Packaging and Accessories
A great router like this also deserves a beautiful wrapping and TP-Link delivers that. The Archer VR900 has a simple yet very beautiful package. The front shows the device itself as well as providing all the basic feature information.
On the rear of the package, we find more details about the specific functions as well as a comparison table with other TP-Link devices. That way it’s even easier to pick just the right model when you’re visiting your local tech shop and have them all in front of you.
Inside we find everything we need to get it set up. The router itself and a power supply for it, two RJ11 cables and a splitter for your DSL connection, an RJ45 LAN cable, and the three detachable antennas as well as a quickstart guide and technical references.
ASRock showcased their G10 gaming router back at Computex and we have been wondering since then when it finally would become available. That time has arrived now as ASRock announced the availability of this impressive and strong-looking router.
ASRock’s G10 gaming router takes your wireless signal as well as feature list to a whole new level for routers. Starting with the 4T4R 802.11a/b/g/n/ac wireless connection that is the fastest ac with up to 1733Mbps on the 5GHz band and 800Mbps on the 2.4GHz band thanks to the 8 dipole high power antennas hidden inside this unit. Whether the fact that the antennas are internal will affect the range is something to be seen in reviews and actual testing.
The ASRock G10 comes with one WAN and four LAN ports for wired connectivity as well as two USB 3.0 ports for direct storage and printer attachment. The router will be available in several models where some of them come with a detachable 2-in-1 dongle called H2R that may serve as an independent travel access point (AP) and an HDMI dongle for projecting your handheld device’s screen onto an HDMI compliant monitor, otherwise known as Miracasting. It is compatible with both Apple, Android, and Windows and it will also be sold separately for those who don’t want to settle for Chromecast.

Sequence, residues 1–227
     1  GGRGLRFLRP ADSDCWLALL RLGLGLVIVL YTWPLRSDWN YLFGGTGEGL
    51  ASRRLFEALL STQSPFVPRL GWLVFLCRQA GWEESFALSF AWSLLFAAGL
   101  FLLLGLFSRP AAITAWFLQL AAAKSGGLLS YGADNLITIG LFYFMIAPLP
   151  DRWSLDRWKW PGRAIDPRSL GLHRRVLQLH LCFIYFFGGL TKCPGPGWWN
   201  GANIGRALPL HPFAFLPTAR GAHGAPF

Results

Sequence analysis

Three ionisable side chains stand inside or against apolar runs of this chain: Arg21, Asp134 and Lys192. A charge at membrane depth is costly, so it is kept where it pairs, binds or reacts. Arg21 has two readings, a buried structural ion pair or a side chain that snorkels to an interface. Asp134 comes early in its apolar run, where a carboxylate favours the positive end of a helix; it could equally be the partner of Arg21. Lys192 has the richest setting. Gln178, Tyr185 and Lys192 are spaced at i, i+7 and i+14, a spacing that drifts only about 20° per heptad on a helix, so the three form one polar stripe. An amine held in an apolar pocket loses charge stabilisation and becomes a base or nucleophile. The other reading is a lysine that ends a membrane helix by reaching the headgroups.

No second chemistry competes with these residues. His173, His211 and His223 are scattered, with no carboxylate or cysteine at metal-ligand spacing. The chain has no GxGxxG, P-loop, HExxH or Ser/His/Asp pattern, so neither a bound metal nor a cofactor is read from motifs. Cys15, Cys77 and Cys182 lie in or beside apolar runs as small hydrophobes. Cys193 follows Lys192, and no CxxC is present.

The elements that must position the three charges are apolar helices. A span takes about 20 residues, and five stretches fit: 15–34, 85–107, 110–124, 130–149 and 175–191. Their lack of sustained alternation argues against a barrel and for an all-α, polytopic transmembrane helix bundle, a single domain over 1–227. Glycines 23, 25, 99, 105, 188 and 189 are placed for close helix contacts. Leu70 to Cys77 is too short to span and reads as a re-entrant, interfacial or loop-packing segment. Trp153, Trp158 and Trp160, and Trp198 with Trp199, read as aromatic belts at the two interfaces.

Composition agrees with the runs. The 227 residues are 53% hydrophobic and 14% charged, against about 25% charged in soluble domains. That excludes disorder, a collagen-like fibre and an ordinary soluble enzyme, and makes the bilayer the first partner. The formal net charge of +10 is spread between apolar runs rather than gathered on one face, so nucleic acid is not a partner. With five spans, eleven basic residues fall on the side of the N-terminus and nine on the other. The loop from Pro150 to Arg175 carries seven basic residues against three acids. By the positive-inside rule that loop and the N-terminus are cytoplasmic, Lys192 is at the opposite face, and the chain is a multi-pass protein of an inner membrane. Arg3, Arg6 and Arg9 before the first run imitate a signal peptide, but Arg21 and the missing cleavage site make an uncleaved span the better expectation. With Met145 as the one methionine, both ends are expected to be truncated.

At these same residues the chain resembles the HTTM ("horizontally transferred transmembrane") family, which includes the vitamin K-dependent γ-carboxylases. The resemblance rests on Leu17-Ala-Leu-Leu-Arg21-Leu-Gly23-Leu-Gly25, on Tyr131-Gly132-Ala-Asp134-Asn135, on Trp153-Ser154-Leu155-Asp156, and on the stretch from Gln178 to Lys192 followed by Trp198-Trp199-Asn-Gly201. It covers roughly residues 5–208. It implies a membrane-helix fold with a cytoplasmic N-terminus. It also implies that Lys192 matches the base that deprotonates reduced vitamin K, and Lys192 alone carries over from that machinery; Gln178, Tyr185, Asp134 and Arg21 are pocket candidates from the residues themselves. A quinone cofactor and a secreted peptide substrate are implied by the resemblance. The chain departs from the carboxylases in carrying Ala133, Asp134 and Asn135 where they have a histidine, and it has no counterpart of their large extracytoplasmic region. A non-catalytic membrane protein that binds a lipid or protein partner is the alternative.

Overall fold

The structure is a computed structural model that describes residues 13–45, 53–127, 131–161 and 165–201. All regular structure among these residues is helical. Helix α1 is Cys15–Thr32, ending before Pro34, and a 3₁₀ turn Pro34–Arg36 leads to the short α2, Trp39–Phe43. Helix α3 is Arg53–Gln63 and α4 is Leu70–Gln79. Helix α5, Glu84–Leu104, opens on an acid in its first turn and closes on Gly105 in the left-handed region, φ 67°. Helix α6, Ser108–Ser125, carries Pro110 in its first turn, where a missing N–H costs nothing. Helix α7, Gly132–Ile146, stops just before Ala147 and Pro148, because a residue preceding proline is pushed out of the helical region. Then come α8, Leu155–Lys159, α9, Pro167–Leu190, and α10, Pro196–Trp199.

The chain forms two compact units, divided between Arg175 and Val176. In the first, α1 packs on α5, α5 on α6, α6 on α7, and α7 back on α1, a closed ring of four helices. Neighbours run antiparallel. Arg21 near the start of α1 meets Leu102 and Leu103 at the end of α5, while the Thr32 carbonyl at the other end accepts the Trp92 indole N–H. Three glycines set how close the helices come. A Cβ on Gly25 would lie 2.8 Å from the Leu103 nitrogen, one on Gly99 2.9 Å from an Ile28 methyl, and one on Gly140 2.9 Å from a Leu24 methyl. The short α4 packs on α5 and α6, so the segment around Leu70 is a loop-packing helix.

Another really cool feature in the G10 gaming router is its IR capabilities. It can learn any infrared signal from your current remotes and then send them out on command. That allows you to control any IR device within range of the router through an easy to use smart-app on your mobile phone or tablet.
Malware. That one word which seems to inspire fear and dread in everybody who hears it, even more so when you’ve experienced it first hand on one of your many devices. Malicious Software, or Malware for short, is often used by people to spread itself over the internet or even WiFi in the hopes of creating openings for other malicious software, from a program that can redirect you when you go on the internet to one that encrypts your hard drive until you pay hundreds of pounds so that (if they are true to their word) they will release your files. The world has changed since those dark days, there is a new piece of software in the world; Wifatch is here.
Wifatch was found in late 2015 by Symantec and focuses on the bugs and security issues normally involved in routers (a piece of hardware we all use but rarely update). This malware doesn’t just infect your router and use it to spread to others, it closes off potentially dangerous loopholes and bugs on your router. That’s right, this malware, a piece of software that by its very nature breaches your security and trust, is trying to help stop you from being affected by … malware?
Not only does it block common points of danger for routers but it also tries to disinfect infected systems, even going so far as to reboot systems in the hopes of stopping any malware that is currently running.
The developer even left a funny message in its source code for those brave enough to browse it.
Is this the kind of software that we need? What do you think about this vigilante malware?
Nearly 200 Cisco internet routers have been found to carry malware, reports volunteer internet security organisation Shadowserver Foundation. News of infected Cisco routers was first reported by the company itself back in August, when it was revealed that attackers had replaced firmware on the devices with malicious malware implants, allowing them full access to networks and all information passed through it.